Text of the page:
Tension Rises Around Today's Universal-EMI Hearing

21 June 2012 | 2:03 pm | Scott Fitzsimons

UMG have already received a list of objections from the Euro Commission

Tension is growing ahead of the American Senate Judiciary subcommittee hearing on Universal Music Group's proposed acquisition of EMI Music's recorded music division.

The $1.9 billion deal, struck last year, is subject to anti-trust regulators before it can be confirmed. As well as an examination from the European Commission, an American Senate panel will take a look at the proposed deal on Thursday, American time.

Billboard reports that stakeholders in the hearing are upping the ante on their lobbying and spending ahead of the deal. The Warner Music Group, a critic of the deal after they missed out on the EMI sale, are believed to have upped their lobbying spend from $100,000 to $360,000 in this year's first quarter. 60 percent of that has allegedly gone to the Recording Industry Association of America to fund their lobbying.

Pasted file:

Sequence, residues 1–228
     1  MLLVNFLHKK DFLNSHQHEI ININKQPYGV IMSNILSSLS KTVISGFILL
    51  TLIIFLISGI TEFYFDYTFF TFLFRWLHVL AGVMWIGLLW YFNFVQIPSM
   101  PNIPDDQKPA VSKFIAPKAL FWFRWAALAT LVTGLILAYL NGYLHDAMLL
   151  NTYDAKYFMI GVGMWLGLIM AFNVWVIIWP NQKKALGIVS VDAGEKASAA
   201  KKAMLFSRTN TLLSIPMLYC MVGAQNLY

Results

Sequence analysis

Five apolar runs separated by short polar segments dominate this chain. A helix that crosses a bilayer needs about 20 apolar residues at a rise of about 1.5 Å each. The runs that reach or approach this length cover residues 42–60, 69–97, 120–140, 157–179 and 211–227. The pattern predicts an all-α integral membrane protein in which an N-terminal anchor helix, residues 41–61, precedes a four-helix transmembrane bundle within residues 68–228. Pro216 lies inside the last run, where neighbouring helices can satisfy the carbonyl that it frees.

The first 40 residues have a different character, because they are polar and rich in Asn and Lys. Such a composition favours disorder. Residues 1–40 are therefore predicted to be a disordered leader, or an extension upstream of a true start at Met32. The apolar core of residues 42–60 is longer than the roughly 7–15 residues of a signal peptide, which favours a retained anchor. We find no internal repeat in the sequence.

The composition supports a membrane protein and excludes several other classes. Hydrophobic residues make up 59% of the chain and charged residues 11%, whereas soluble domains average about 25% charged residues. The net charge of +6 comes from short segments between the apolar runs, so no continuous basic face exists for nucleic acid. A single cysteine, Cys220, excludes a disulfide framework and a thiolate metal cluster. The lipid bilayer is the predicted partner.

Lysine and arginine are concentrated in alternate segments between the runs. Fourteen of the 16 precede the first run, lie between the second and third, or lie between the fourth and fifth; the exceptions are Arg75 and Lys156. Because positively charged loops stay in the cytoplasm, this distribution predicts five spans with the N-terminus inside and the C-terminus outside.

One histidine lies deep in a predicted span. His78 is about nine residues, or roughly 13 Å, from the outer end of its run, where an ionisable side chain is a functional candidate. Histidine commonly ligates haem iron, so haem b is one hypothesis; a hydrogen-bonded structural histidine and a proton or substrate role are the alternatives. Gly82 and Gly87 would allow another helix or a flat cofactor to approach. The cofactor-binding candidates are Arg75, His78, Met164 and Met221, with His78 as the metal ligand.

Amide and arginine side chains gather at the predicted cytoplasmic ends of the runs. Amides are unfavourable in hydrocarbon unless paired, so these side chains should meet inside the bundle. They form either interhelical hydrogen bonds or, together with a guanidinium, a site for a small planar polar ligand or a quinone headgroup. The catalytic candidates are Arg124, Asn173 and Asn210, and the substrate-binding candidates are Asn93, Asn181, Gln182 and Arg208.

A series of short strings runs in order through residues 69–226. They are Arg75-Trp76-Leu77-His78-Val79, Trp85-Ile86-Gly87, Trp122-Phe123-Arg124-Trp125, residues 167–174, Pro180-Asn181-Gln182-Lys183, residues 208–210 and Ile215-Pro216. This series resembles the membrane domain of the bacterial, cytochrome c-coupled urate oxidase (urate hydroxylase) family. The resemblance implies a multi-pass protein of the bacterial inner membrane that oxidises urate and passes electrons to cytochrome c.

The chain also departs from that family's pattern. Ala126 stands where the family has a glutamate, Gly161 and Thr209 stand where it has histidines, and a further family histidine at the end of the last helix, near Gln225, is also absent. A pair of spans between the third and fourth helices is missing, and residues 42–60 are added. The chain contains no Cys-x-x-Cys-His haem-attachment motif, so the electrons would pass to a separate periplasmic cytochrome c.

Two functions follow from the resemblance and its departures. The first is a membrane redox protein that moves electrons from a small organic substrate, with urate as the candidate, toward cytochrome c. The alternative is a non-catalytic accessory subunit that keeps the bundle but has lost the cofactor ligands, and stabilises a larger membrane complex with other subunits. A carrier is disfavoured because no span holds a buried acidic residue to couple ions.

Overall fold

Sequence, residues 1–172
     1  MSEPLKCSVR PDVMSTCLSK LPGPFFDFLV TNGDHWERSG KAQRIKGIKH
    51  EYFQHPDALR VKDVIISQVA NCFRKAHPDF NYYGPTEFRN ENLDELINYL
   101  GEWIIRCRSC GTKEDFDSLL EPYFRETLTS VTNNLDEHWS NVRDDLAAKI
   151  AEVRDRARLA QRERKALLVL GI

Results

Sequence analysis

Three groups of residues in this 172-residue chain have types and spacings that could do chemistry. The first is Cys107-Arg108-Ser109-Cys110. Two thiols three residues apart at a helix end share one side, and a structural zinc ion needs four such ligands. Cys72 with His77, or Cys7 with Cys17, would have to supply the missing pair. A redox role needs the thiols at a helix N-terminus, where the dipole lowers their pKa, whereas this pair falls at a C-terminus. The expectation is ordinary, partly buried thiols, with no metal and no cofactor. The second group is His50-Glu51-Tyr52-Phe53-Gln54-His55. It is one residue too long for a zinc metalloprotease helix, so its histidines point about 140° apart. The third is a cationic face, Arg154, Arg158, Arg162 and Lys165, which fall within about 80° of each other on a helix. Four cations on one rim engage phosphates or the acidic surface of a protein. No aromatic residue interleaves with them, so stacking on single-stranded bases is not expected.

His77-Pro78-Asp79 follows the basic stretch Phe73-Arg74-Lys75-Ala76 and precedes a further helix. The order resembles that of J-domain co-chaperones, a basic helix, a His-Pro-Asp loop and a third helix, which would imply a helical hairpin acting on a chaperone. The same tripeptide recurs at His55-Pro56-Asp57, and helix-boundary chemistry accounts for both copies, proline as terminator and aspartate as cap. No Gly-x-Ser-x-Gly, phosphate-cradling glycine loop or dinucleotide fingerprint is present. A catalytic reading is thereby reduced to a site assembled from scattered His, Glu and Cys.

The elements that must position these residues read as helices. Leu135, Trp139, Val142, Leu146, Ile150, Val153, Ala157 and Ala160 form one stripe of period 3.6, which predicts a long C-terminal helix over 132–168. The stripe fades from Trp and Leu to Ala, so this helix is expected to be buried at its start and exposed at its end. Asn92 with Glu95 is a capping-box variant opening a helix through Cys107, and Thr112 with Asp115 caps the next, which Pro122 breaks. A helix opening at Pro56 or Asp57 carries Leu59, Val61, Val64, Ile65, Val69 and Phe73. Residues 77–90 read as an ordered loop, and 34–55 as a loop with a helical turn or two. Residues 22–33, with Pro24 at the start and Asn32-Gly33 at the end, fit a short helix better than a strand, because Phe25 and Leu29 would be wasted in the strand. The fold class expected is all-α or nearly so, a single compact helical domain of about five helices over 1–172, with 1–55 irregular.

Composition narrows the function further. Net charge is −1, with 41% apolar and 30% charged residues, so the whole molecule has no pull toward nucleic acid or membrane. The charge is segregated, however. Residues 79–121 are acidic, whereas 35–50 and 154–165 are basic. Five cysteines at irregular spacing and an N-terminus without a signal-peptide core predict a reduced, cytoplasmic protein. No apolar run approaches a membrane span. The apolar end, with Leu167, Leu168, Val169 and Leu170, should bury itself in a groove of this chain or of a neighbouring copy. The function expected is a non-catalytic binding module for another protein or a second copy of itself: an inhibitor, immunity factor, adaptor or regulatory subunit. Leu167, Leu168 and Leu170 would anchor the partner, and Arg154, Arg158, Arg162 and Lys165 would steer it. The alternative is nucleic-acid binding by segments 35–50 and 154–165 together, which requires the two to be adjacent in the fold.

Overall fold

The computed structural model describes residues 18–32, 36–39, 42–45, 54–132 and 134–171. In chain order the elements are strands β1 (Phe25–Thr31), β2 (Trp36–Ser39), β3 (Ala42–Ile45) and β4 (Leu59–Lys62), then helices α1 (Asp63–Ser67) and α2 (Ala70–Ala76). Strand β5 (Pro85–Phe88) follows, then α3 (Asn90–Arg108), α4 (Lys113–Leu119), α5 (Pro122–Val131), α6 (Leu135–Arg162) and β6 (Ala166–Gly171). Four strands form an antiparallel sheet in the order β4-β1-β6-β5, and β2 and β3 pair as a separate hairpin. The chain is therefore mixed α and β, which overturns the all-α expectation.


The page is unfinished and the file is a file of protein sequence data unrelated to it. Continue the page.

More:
Universal on the other hand have hired lobbying firm Capitol Hill Strategies which employs Paul Bock, former chief of staff to Senator Herb Kohl - chairman of the subcommittee that will hold Thursday's hearing.

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"It was clearly a strategic move on their part to hire someone who knows how Senator Kohl thinks," analyst Alex Bronstein-Moffly said.

EMI's owners Citibank spend $1.5 million on lobbyist in the first quarter, but given they're a well-connected financial institution it's unclear how much was spent on the Universal-EMI sale.

News of the lobbying frenzy comes after the European Commission presented a list of objections to Universal. The major label replied in a statement, "As part of the European Commission's customary process when considering mergers, they have provided us with a statement of objections.

"We are preparing a detailed response to the Commission's statement, which will address the concerns outlined in this procedural document. We will continue to work closely with the Commission and look forward to securing regulatory clearance."

The European regulators have until 6 September to rule on the proposed acquisition and have already given clearance for the Sony/ATV-led consortium's capture of the publishing division.

EMI executive Bart Cools told theMusic.com.au recently that the label's staff are resigned to a change of ownership, whatever happens.